Making music visuals — Part 4

Building 3D graphics


Now I want to revisit the setup from the very beginning of this talk, where we used yet another approach to set up motion and add effects.

Instead of bringing in motion from videos or audio graphs, we’re now going to generate it entirely in Vuo. Compared to video mixers or audio graphs, this setup is more of a challenge to build because you have to design all the motion yourself. I like this setup, though, because I think it’s the most effective at establishing an overarching theme and continuity.

With a video mixer, there’s kind of a mental jolt when you switch from one video to another, like changing scenes in a TV show, which can be really effective if you time it right, but that’s not always what you want. Whereas a video mixer takes the audience through a series of scenes, graphics built entirely in Vuo can let the audience explore different perspectives and variations on the same scene. This is really effective for a piece of music that’s tied together with an overarching theme, so it makes the visuals match that.

Here’s a recap of the visuals we demoed at the beginning of this talk. Remember that they’re being cued by MIDI messages from Renoise and the Behringer.

Let’s build something like this in Vuo. We are at the intimidating part, where you have pretty much a blank slate and you have to figure out where to start. The trick is to build up your composition from simple pieces and let the complexity emerge from how the simple pieces interact with each other and how they’re repeated. Computers are really good at taking simple rules and extrapolating something super complex from them by performing millions of calculations per second, so we’re gonna think simple and let the computer do the heavy lifting.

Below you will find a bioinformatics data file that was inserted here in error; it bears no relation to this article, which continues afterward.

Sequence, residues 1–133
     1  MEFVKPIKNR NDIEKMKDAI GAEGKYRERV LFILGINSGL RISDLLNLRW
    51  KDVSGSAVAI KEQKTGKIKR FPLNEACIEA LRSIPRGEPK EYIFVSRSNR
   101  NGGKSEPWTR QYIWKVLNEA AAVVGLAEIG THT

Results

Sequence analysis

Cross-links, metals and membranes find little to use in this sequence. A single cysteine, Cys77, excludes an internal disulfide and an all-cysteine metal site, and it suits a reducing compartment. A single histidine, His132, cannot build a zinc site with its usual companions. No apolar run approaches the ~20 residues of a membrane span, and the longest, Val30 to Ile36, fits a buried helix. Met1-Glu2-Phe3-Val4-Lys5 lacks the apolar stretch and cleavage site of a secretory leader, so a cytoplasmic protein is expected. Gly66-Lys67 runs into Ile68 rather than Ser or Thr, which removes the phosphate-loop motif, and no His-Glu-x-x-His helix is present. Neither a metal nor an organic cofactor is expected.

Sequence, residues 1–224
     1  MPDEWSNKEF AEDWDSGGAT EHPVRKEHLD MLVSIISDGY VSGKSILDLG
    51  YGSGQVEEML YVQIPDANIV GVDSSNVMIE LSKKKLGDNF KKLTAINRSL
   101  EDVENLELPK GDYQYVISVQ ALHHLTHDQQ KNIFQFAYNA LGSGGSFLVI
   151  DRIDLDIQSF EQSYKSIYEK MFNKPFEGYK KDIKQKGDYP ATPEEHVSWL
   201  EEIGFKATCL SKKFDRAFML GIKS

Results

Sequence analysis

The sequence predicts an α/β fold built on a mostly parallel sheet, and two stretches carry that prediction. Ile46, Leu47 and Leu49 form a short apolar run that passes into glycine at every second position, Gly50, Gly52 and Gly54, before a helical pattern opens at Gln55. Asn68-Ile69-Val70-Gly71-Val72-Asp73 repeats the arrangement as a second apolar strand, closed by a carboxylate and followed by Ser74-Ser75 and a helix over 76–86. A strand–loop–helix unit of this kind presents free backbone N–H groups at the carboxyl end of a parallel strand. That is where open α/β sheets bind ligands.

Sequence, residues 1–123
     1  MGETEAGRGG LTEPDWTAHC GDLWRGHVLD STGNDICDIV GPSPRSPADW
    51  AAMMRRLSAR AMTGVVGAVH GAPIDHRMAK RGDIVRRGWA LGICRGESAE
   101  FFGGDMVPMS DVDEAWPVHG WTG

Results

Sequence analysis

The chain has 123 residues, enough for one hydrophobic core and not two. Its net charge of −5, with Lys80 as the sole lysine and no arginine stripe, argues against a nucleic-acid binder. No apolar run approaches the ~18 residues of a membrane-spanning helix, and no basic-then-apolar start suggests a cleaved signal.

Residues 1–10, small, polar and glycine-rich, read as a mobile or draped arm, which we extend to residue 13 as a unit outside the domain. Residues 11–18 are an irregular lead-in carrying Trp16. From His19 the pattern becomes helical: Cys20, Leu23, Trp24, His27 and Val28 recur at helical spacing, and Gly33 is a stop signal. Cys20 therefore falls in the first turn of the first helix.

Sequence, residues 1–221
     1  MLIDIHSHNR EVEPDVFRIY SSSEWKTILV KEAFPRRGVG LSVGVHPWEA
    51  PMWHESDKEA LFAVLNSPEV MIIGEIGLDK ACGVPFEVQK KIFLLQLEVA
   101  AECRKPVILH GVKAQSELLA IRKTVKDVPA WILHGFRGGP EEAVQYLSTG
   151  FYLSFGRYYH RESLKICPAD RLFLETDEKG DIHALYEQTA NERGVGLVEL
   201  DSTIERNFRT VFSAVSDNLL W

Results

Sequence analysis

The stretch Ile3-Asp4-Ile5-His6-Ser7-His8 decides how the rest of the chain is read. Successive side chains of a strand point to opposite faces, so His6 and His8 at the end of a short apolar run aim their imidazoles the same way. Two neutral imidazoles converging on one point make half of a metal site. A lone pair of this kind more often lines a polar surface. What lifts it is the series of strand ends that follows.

One way of getting complexity out of something simple is through repetition across space — having many copies of the same basic shape with small variations. You can do that by taking a small shape and making copies of it. Or I think it’s fun to start with a big shape and shatter it into similar-looking small pieces. In Vuo, we’ll do that by starting with a sphere as our big shape and exploding it out a bit.

Now our output is a rectangle. With the video mixer and audio graphs, we were able to just vignette the output since we didn’t really care about it getting warped. But now that we have a 3D scene, the warping would be more obvious. If this were a real physical scene and we were filming it, what would we do to get it on a dome? We’d use a camera with a fisheye lens to make it map. Since this is a virtual scene, we’re gonna use a virtual fisheye camera. We added a Make Targeted Fisheye Camera node and then we added that camera to our scene.

Instead of having our sphere sitting right there in the middle — my art teacher always said “don’t do that!” — it would be nice to have it actually fill up the screen. So let’s actually sit ourselves inside the sphere. How do we do that? We could either move the sphere toward the virtual camera that’s looking at the scene, or we could move the camera into the sphere. Let’s move the camera. We’ll put it in the center of the sphere, and we’ll have it looking downward, since the base of the sphere has this nice circle pattern.

So far, our visuals are just standing still. Let’s put in some motion — remember, motion is really important for music visuals. It doesn’t have to be fancy. We can just do a slow rotation — we’re gonna make the exploded sphere rotate at 1 degree per second. On the planetarium dome, you want to be careful not to put in too heavy motion, unless you wanna be mean, because people can get motion sick. We are transforming this, making it rotate around the Y axis, which is the up-and-down axis. Remember, we’re looking at the bottom of the sphere. Now we have some motion.

One trick we sometimes use when making visuals with MIDI input is to invent characters who represent the different motifs in the music. Do you know “Peter and the Wolf”, have you heard of that? There are little tunes that each represent a different animal, like [humming Peter’s theme] for Peter. Our characters and motifs are usually a bit more abstract than that, like a ball that bounces to a bass drum beat or a waterfall that appears while hi-hats are playing.